Cross-cultural competence is an increasingly important clinical skill due to two interrelated factors. First, the U.S. continues to receive unprecedented numbers of foreign-born immigrants. Second, Americans are traveling to more exotic and remote locations around the world and bringing back diseases specific to those areas. As medicine becomes more global in its outlook, physicians must adapt.
Few practicing physicians in the U.S. have had any formal training on cross-cultural medical care. Medical journals report that many physicians do not feel prepared to provide specific aspects of cross-cultural care, including caring for patients whose health beliefs were at odds with Western medicine (25%), new immigrants (25%) and patients whose religious beliefs affect treatment (20%).
Critical Measures provider cultural competence assessment covers six major areas:
- Extent of formal training in cross-cultural medicine
- Opinions regarding health disparities
- Self-assessed preparedness to treat immigrants, LEP patients and patients whose health beliefs may be at odds with Western medicine
- Knowledge of and adherence to language access laws and institutional policies and procedures regarding language access (including formal training on how to work with LEP patients through qualified interpreters)
- Knowledge of and adherence to national best practices in cross-cultural medicine
- Interest in receiving additional training in cross-cultural medicine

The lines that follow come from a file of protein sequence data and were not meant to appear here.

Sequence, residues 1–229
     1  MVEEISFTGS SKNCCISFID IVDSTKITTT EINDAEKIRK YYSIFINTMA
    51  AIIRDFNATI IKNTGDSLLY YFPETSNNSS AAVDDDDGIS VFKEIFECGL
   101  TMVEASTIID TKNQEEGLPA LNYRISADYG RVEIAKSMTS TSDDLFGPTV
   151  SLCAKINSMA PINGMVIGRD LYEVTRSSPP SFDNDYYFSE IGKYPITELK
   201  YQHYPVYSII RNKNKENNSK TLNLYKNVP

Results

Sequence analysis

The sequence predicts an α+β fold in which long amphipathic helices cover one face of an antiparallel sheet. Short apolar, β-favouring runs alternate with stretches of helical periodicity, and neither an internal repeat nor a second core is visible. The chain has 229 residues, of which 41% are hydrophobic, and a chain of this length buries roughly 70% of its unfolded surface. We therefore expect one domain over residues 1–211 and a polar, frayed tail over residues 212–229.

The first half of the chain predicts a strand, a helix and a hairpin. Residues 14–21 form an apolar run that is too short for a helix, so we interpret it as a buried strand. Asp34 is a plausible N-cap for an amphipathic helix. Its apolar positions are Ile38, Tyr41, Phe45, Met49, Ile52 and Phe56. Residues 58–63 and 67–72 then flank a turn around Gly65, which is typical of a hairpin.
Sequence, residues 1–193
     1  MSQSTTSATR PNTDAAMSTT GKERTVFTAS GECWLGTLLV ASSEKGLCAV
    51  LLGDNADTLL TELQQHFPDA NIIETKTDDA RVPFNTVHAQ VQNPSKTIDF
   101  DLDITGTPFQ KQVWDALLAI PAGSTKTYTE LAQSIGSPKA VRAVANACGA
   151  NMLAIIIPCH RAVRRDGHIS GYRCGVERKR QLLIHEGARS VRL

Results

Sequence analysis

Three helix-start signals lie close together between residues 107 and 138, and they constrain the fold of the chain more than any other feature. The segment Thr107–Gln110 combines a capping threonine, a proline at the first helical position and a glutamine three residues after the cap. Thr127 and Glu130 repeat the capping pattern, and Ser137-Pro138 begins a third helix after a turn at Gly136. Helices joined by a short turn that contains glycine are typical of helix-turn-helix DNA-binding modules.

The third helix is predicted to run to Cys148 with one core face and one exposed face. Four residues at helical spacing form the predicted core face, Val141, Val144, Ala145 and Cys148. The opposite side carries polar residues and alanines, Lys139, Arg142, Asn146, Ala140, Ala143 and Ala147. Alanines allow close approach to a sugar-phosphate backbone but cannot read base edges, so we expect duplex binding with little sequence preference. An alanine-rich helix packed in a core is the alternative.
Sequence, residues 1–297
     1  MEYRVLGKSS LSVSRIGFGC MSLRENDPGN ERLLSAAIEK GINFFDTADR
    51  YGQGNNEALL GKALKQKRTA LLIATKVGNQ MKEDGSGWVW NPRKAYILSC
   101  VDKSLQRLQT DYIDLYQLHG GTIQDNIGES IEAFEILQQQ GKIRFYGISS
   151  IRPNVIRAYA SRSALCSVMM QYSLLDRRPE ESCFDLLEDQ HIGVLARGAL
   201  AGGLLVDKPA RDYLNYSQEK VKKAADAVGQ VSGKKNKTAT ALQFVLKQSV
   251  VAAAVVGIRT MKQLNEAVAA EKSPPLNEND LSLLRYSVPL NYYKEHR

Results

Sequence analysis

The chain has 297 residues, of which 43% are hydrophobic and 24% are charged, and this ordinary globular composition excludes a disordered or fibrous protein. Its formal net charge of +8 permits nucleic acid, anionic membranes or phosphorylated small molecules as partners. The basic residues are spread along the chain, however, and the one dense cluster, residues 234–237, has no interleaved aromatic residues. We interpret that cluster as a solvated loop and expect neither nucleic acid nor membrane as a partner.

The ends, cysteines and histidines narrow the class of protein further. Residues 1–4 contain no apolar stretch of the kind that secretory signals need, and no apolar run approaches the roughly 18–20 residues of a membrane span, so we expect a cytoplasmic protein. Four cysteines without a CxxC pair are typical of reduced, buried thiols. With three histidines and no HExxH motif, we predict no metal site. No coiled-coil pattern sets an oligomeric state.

This survey can be administered electronically in order to minimize the impact on providers’ time. Our survey takes, on average, only 5-8 minutes to complete. Past provider surveys have shown that:
- Few providers have had any formal training in cross-cultural medicine but substantial majorities would like to receive such training.
- Significant numbers of providers believe that they are less than well prepared to provide care to immigrant and refugee patients, patients who speak languages other than English and whose religious or cultural values may be at odds with Western medicine.
- Most providers are not familiar with current language access laws, hospital language access policies or had formal training on how to work with interpreters.
- Most providers do not demonstrate behaviors in accord with national best practices for treating culturally diverse patients.
- Providers’ practice behaviors with respect to patients of color and LEP frequently raise concerns about patient communication, safety, informed consent and risk management.
An assessment of cultural and linguistic competence among providers is part of a complete assessment process. Please contact us for details.